Since LSOP observes only water level, and thus, no discharge is measured, there is a need to use rating curves to calculate discharge time series. This has been done using the tabulated rating curves for four gauges under study, obtained courtesy of IMGW-PIB. The validity periods of the rating curves were the following: for Bystrzyca Kłodzka (06/11/2012), for Kłodzko (01/02/2013), for Bardo (30/01/2013), and for Żelazno (09/12/2012). For a few model calibration exercises, the curves were slightly newer, but the adequacy of their performance in calculating discharges from LSOP-based water levels was confirmed by the comparison with discharges measured by IMGW-PIB. The tabulated rating curves, after applying the square-root transformation to the discharge data, have been approximated with high-order polynomials which have been fitted using the least-squares method. Attention has been paid to the uniqueness of the model solution, specifically for low flows. The models have used to compute discharge time series, expressed in m3/s, for four sites under scrutiny, and sampling every 15 min have been inherited from river stages. Since discharge data should be expressed in m/m2 per time step, for each gauge, so calculated discharge was multiplied by 15 × 60 (15 min between consecutive discharge data times 60 s in a minute) and divided it by basin area (expressed in m2).

Rainfall is measured in LSOP at 13 automatic weather stations, and hourly precipitation rate is recorded every 15 min. The data have been recalculated to fit the 15-min time step, and millimeters of rainfall have been converted to m/m2 per time step. Since no continuous information on precipitation field is provided, the Thyssen polygons have been applied to relate rainfall to a given contributing basin.

Potential evapotranspiration has been computed empirically, i.e., an averaged time series have been constructed. It is assumed to be valid for every year. In our exercise, the evapotranspiration data set is a combination (sum) of: the daily-averaged potential evapotranspiration data for the entire year (computed for each day of year as a mean potential evapotranspiration on the corresponding days in many years) and the diurnal harmonic variation computed on the basis of the true sunrise and sunset times.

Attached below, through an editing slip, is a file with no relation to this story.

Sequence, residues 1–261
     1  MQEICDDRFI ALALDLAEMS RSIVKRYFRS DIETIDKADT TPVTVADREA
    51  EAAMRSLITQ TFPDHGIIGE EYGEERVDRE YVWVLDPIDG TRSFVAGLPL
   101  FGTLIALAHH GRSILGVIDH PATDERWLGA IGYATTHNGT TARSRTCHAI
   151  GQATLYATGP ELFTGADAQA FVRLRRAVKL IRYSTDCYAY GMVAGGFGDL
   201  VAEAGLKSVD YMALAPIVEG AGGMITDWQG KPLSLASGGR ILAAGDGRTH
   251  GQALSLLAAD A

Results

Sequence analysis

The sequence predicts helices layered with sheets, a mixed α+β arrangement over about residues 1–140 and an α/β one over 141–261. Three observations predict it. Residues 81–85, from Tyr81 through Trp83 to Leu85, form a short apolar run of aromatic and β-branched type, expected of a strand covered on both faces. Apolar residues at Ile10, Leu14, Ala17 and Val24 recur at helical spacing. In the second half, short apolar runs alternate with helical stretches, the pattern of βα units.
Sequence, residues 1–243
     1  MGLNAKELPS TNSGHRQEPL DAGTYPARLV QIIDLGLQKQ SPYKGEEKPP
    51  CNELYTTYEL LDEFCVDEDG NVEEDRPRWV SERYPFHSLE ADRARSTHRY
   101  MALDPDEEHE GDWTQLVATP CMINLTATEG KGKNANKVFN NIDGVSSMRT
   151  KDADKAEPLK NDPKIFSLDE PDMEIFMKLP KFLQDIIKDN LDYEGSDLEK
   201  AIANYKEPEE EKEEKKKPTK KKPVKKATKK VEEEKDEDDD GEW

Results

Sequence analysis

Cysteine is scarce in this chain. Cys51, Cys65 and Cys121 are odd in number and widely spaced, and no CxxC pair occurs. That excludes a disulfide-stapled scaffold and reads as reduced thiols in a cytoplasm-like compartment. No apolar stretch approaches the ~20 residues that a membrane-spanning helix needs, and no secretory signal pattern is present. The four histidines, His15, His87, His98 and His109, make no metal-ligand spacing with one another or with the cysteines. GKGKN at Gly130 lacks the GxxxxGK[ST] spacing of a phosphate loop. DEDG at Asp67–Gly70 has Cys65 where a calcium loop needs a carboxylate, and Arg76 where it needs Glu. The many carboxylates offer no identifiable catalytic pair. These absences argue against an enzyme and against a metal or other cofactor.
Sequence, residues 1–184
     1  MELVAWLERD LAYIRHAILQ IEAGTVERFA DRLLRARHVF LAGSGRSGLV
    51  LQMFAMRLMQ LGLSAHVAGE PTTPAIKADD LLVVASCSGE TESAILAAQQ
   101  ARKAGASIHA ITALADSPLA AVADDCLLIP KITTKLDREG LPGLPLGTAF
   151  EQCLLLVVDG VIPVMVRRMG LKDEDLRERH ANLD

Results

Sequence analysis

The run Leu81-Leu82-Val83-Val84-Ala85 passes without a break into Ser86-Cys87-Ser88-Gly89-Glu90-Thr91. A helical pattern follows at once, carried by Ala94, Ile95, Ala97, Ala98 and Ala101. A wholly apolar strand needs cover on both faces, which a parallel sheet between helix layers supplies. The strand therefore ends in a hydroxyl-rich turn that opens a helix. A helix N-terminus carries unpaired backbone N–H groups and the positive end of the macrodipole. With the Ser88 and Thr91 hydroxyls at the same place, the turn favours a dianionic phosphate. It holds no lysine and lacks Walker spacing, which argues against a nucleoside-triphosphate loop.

Due to the fact that the daily evapotranspiration data are not available for Kłodzko Land, the daily potential evapotranspiration data for the nearest German site of Goerlitz have been utilized, they were computed using the Turc–Wendling method in frame of the NEYMO project. Since Goerlitz is located approximately 140 km from the center of Kłodzko Land, a scaling approach is proposed to account for change in evapotranspiration between Goerlitz and the considered sites in Kłodzko Land. Thus, the daily-averaged evapotranspiration data for Goerlitz have been multiplied by a constant number which was a ratio of: (1) mean annual potential evapotranspiration between 1966 and 1995 in a single site in Kłodzko Land (499 mm for Bystrzyca Kłodzka as well as 516 mm for Kłodzko, Bardo, and Żelazno); and (2) mean annual potential evapotranspiration between 1966 and 1995 in Zgorzelec which is equal to 570 mm (Zgorzelec is a Polish town that forms an entity with German town of Goerlitz). The resulting ratios, computed using values published by Drabiński et al. (2006), led to the calculation of daily-averaged potential evapotranspiration data for basins above gauges in Bystrzyca Kłodzka, Kłodzko, Bardo and Żelazno.